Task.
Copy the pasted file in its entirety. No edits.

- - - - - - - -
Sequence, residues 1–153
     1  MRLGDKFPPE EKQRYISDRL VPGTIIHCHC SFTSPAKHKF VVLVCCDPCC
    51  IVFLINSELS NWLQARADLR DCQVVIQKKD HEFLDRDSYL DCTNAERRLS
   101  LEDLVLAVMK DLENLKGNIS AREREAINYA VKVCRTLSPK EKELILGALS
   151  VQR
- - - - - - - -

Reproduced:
Sequence, residues 1–153
     1  MRLGDKFPPE EKQRYISDRL VPGTIIHCHC SFTSPAKHKF VVLVCCDPCC
    51  IVFLINSELS NWLQARADLR DCQVVIQKKD HEFLDRDSYL DCTNAERRLS
   101  LEDLVLAVMK DLENLKGNIS AREREAINYA VKVCRTLSPK EKELILGALS
   151  VQR